Rhodes_Headshot_Sketch“The line is way too long. This is the absolute worst! It will take forever to get through this!” used to be my reaction.  Before I got sick, bemoaning traffic or agonizing over a torn dress seam was my natural response to the minor daily aggravations we all experience.

When I faced a larger dilemma, like a disagreement with a friend, I would spend hours overanalyzing the situation, blowing it out of proportion and wasting my time doing so. It’s a common trait among young adults to gripe over the smallest irritations, and I was no different.

Getting sick put life into perspective. Celiac disease takes many forms, and, quite uncommonly, mine manifested in debilitating joint pain. Since I did not present any of the normal symptoms for celiac disease, no one thought to test for it until a month and a half after my excruciatingly painful symptoms began.

That meant six weeks of not being able to walk and not knowing why. Six weeks of roadblocks and endlessly hearing “well, Samantha, we still aren’t sure what’s going on.” That was all it took to change my perspective on what it means to be dealing with something truly serious. Today, I’m different for it; many of the tribulations and inconsequential matters of my life quickly lost importance. In an instant, they became child’s play in comparison to immobility.

The pain eventually abated, but this change in my outlook remained.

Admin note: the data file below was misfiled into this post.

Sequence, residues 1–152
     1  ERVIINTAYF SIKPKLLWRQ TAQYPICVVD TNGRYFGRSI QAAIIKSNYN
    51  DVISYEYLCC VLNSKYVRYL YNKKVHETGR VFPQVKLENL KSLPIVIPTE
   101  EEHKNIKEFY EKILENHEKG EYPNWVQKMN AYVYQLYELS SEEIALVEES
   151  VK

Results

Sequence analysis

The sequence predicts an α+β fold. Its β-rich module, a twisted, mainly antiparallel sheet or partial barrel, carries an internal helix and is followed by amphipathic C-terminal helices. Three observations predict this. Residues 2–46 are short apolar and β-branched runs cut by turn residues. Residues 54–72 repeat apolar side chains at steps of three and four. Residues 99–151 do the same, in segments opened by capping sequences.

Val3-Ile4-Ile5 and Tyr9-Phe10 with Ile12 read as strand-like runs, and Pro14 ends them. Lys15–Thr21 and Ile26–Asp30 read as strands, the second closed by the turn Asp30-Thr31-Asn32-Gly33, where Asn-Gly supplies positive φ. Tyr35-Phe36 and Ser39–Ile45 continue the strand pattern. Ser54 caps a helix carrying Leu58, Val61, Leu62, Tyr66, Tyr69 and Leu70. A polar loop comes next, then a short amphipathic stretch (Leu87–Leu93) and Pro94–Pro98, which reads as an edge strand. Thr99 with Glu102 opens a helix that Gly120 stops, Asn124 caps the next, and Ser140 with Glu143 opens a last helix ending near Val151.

By habit, I still find myself instinctively reacting negatively to small issues, but the feeling quickly passes. Though an argument over a grade or dealing with the logistics of a night out merits a half a moment of attention, make sure it is no more than that.

Learning to let the petty vexations go unburdened me. Instead of needlessly carping over them, I now quickly stop short.  I take a moment and recognize that life could be a lot worse, and then move on.

The common sense reflected in simply learning to take a breath and move on to more important things is an invaluable skill. For me, it was an acquired one that began to come naturally only after I went through something that put it all in perspective. I wish I had known earlier, and I hope you can be more mindful than I was.

When faced with an issue, think back to a difficult period or moment in your life, and then assess whether or not you need to expend energy on what’s before you. Can you imagine how much happier you will be? How much more time you will have?

Exert yourself when it’s due, and live without wasting your time. If you make a habit of keeping in mind that there are many worse things, then should they arrive, you’ll have the energy and focus you need to confront them.

Samantha Rhodes is a rising senior in the College. Watch Your Step appears every other Tuesday.

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